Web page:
Louisa Kasza reviews Rachel Kushner’s novel The Mars Room, which is hailed in this week’s New Yorker – alongside the US edition of Can You Tolerate This? by Ashleigh Young – as one of America’s best new books.
A cool, Joan Didion-esque breeze of seeming indifference blows through the writing of US novelist Rachel Kushner. The Mars Room, her third novel, is named after a San Francisco stripclub where her character Romy Hall works. She’s a former junkie who lives mainly for her young son and ludicrously named pseudo-tough-guy boyfriend, Jimmy Darling. Romy tries to sidle through life unnoticed, not getting into too much trouble. However, even so small a demand can be too much to ask, and a client becomes obsessed with her. He stalks her; she flees San Francisco; he follows her; she kills him.
Romy is arrested and sentenced to two consecutive life sentences. She must now say goodbye to freedom, if you could call a life so constrained by circumstance freedom.
On the overnight bus transporting prisoners to prison, Romy experiences existential dread and registers a bad omen: “Somewhere deep in the Central Valley, the sky still dark, I looked out the window and saw two massive black shadows looming up ahead. They looked like dark oily geysers fluming upward on the side of the highway. What terrible thing was spewing into the sky like that, filling it with soot? They were huge black clouds of smoke or poison. . . . Maybe this was some kind of environmental disaster, crude oil that had burst its underground pipe, or something too sinister for explanations, a fire burning black instead of orange. As our sheriff’s department bus approached the giant black geysers, I got a close-up glimpse. They were the silhouettes of eucalyptus trees in the dark. Not an emergency. Not the apocalypse. Just trees.”
But of course it is an apocalypse, felt at a personal level – for Romy, and for the thousands of people incarcerated across the country. Romy’s story illuminates the plight of George W Bush-era America’s downwardly mobile working class, as Kushner hones in on the details Romy observes from her new position as a ward of the state.
Superficially, Romy adapts well to life in Stanville Women’s Correctional Facility, having swapped one caged existence for another. Her experience in navigating tough characters stands her in good stead, and her dissociated air allows her to drift through the banal routine of prison life. However, she rubs prison staff the wrong way and soon ends up in in solitary confinement. There, boredom drives Romy to chat with her cellmate, Sammy Fernandez, and with Betty LaFrance, a black widow and former leg model on death row who can be communicated with by yelling through the toilet drain.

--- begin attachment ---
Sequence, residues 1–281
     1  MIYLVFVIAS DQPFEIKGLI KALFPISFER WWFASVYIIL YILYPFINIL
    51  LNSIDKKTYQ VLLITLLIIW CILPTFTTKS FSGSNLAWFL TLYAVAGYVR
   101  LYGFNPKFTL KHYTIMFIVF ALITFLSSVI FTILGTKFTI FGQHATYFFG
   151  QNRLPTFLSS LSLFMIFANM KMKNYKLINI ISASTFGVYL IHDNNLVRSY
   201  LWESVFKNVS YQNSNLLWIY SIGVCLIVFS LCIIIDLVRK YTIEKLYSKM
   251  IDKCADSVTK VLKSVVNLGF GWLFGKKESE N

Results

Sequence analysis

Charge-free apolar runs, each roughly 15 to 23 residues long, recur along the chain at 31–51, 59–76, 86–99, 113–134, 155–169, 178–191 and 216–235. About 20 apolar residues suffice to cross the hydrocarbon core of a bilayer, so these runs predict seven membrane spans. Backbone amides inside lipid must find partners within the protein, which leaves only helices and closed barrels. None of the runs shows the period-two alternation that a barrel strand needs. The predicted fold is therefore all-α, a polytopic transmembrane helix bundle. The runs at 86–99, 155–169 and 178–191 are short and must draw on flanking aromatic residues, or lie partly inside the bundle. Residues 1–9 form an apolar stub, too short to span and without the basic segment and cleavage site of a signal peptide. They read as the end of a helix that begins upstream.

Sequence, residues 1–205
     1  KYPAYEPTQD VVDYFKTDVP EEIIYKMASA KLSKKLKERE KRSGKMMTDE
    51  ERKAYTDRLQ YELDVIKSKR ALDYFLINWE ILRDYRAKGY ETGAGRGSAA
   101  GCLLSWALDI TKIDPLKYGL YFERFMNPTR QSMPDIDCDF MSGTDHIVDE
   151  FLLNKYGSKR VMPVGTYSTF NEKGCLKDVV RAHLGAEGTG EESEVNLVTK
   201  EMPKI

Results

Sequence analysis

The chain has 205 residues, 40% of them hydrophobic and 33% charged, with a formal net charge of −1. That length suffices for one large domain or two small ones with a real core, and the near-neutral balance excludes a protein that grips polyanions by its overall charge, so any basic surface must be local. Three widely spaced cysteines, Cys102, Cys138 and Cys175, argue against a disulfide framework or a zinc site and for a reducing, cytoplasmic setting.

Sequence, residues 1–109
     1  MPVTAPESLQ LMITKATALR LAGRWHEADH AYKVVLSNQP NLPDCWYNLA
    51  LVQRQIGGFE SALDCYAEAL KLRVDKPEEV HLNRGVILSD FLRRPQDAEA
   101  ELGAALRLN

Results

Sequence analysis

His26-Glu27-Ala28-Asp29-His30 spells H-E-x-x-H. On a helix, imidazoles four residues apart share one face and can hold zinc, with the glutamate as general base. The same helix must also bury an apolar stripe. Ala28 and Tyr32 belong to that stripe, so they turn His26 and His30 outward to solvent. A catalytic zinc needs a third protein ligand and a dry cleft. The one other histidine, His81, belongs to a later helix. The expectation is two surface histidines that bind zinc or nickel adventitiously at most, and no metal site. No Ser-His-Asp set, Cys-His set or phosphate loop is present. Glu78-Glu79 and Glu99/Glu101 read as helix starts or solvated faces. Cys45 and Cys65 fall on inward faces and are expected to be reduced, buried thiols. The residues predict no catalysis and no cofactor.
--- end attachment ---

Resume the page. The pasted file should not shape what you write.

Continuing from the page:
Both Sammy and Betty convey to her an important fact: that the powerless gain power by having an eye for the main chance and a nose for a willing victim. This is where Gordon Hauser bumbles in. Gordon, a failed academic and a prisoner of a less literal kind, educates women towards their high school qualifications at Stanville. He misinterprets his own need to be liked for a drive to help others and is soon performing small, seemingly insignificant favours for some of the more persuasive or needy prisoners. He orders novels from Amazon directly to Romy to encourage the potential he sees in her. He also, secretly, hopes to ingratiate himself with her further. For Romy’s part, her only concern is to be reunited with her son, now lost somewhere in the foster system, and Gordon can’t help her with that. Or can he?
The Mars Room quietly dissects and subverts every facet of the American dream. Prison is a money-making behemoth that profits from indentured labour, yet for some of its inhabitants it offers more safety and opportunity inside its walls than they can find outside.
The book occasionally bites off more than it can chew. It features an ensemble of characters, and some are barely sketched in yet given to long and eloquent monologues. Others, such as Betty LaFrance’s paramour, dirty cop “Doc” Richards, have whole chapters dedicated to their point of view, but they can read like aimless detours from the main highway of Romy’s story.
Yet even with these loose threads dangling, The Mars Room is more than the sum of its parts. Humanity shines through, and despite its political themes of imprisonment and the death of the American dream of social mobility, the tone of The Mars Room is always understated, never strident. In this quietly ambitious book, Rachel Kushner upholds the tradition of an alternative American canon of female writers – Flannery O’Connor, Carson McCullers, and the rest – who honour life’s messy margins.
The Mars Room by Rachel Kushner (Jonathan Cape, $37) is available from Unity Books.